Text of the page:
Learning Experiences Against Sexual Assault from Taiwan September 7, 2016
By Zhang Rongli Editor: Yang Yang
Similar to any other country and region in the world, women and children in southeast China's Taiwan Province have long been beset by sexual violence.
According to data collected by local scholars, sexual assault cases in Taiwan have climbed from 776 in 1987 to 2116 in 2002, a three-fold increase in 15 years.
Moreover, under the strong pressure of public opinion, the murder of Peng Wanru a former female politician of the Democratic Progressive Party who was raped and killed in November 1996 in Kaohsiung forced the local legislative body to pass the Sexual Assault Prevention Act in January 1997. After several amendments, the law has become an important legal basis for such cases across the province.
As a special legislation to prevent sexual assaults, the law includes four characteristics.
Firstly, strengthening the main responsibility status of the government in the prevention of sexual assaults.
Meanwhile, local governments also set up prevention centers, equipped with social workers, police, medical staff and other professionals to carry out relevant work.
Next, taking preventative and control measures against sexual assault.
Given the fact that children are major victims in such cases, the law stipulates that prevention of sexual assault should be included in the national curriculum and students at primary and secondary schools across the province should accept at least four hours of relevant courses during each semester.
Thirdly, the core value orientation of the legislation is to protect the interests of victims.
For instance, the law regulates that local sexual assault prevention centers should provide 24-hour emergency assistance to the victim, enabling them to seek medical treatment and injury identification, as well as other services.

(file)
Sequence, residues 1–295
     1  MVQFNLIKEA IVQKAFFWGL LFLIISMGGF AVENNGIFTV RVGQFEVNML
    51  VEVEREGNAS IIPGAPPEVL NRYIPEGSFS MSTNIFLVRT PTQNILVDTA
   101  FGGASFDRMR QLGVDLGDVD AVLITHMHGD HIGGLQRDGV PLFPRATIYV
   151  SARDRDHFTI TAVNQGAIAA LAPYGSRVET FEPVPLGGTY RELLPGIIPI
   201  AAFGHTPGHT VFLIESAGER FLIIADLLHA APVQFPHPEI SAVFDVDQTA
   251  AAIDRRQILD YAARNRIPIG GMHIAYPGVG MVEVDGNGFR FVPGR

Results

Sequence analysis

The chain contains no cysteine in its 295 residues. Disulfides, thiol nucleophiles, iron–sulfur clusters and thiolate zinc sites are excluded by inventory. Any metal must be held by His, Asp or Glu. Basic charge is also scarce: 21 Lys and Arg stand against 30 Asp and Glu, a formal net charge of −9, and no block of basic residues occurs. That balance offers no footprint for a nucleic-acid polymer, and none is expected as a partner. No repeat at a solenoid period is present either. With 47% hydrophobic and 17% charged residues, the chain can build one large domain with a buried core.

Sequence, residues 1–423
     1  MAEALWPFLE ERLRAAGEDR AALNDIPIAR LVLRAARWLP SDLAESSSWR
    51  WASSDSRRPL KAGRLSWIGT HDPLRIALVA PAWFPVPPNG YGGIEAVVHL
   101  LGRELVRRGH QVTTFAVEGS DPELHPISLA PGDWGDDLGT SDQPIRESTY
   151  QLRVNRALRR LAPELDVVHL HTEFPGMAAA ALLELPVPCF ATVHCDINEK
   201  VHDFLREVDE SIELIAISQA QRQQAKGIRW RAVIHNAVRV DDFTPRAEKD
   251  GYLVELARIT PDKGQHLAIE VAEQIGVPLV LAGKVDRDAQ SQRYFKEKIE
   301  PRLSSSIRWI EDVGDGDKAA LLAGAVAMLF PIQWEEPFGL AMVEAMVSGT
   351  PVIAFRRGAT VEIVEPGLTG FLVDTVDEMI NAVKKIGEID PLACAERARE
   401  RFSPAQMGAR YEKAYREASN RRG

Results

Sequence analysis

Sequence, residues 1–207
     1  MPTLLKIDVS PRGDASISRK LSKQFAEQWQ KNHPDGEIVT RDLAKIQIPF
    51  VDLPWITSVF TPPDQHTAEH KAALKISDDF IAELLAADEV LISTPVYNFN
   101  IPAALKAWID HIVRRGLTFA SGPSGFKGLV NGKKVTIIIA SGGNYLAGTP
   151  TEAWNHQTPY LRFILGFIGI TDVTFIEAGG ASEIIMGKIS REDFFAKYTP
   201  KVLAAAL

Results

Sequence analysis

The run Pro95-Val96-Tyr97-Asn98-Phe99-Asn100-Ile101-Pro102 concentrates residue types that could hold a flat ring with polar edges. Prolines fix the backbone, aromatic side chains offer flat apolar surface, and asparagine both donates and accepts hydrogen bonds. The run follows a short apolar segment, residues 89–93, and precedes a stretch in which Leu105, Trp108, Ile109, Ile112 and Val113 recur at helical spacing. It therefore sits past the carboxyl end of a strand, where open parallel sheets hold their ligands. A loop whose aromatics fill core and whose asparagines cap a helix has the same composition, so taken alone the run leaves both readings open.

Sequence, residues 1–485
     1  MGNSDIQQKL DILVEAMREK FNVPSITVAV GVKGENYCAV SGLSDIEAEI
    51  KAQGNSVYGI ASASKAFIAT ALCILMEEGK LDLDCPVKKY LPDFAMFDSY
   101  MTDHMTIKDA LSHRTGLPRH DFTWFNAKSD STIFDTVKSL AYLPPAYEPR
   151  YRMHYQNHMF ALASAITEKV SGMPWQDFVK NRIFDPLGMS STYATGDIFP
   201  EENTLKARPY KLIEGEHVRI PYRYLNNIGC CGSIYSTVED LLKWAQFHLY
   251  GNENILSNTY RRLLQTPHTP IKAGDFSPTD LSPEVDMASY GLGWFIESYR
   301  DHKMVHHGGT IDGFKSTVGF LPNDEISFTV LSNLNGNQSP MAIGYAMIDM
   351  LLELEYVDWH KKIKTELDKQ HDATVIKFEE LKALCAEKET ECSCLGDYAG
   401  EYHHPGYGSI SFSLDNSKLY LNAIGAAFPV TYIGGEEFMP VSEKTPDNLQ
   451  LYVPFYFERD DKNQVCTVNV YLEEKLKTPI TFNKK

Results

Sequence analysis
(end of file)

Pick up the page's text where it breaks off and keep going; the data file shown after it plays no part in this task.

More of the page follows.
Furthermore, in order to avoid further damages to victims, the law also stipulates that such cases shall not be heard in public. At the same time, an accuser's interrogation can be executed out of court through voice or video devices so as to isolate the victim from the defendant or even the judge.
Last, taking necessary corrective action and ensuring strict control of sexual offenders.
Sexual offenders have to accept professional treatment if it is believed necessary by experts. Moreover, probation officers can be employed to take control of perpetrators who are on parole or probation.
In addition, sexual criminals' personal information should be registered at local public security organs regularly for seven years.
It is worth mentioning that organizations for the protection of women and children in Taiwan have been playing a key role in fighting against such crimes.
Taiwan's Sexual Assault Prevention Act, a law with a gender perspective, not only promotes gender equality across the province, but also plays an active role in the protection of local women and children's human rights.
(Source: China Women's News/Translated and edited by Gender Study Network)